Coal is the world’s fastest-growing energy source as rising oil prices prompt users to switch fuels, the US Energy Information Administration said.
Coal’s share of total world energy may climb to 28% in 2030, from 26% in 2004, the agency, part of the US Energy Department, said in a report published Monday. Consumption is growing on an average of 2.2% a year. The fuel will overtake oil to become the largest source of carbon dioxide emissions by 2010, the report said.
“With oil and natural gas prices expected to continue rising, coal is an attractive fuel for nations with access to ample coal resources, especially in coal-rich countries like China, India, and the United States,” the report said. “These three countries combined account for 86% of the increment in world coal demand by 2030.”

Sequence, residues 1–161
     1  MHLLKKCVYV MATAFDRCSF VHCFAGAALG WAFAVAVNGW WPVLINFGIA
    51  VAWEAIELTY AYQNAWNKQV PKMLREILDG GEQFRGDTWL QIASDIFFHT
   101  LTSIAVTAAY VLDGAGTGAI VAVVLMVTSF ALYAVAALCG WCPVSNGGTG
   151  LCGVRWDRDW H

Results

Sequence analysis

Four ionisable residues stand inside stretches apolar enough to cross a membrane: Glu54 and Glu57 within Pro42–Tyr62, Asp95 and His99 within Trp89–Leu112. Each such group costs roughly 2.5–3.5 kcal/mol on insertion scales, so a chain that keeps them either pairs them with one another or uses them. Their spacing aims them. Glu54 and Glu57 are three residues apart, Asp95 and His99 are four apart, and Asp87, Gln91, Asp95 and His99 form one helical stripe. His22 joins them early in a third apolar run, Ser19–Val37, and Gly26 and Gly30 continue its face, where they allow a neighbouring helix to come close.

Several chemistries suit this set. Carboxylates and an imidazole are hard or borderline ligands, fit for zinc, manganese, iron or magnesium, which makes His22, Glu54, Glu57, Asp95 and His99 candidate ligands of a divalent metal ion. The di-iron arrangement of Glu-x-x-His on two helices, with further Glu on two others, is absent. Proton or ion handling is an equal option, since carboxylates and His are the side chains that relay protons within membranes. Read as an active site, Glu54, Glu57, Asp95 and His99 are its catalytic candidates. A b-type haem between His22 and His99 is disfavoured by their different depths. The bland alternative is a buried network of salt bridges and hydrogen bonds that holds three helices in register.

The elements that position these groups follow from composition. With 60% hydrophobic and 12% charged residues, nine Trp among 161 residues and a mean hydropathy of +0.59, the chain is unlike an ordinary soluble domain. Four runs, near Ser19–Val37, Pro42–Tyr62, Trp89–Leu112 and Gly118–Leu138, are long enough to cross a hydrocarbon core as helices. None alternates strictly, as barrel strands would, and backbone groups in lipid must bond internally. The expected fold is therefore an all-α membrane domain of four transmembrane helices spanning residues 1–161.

Crude oil for June delivery traded at $66.35 a barrel on the New York Mercantile Exchange on Tuesday and has more than doubled since the start of 2004. Prices of Newcastle coal have gained 33% in that period, according to McCloskey Group Ltd. Petroleum and other liquid fuels will have a 34% share of global energy use in 2030, down from 38% in 2004.
Coal consumption will fall in Europe and Japan, where natural gas and nuclear power are likely to continue providing significant amounts of electricity, the report said.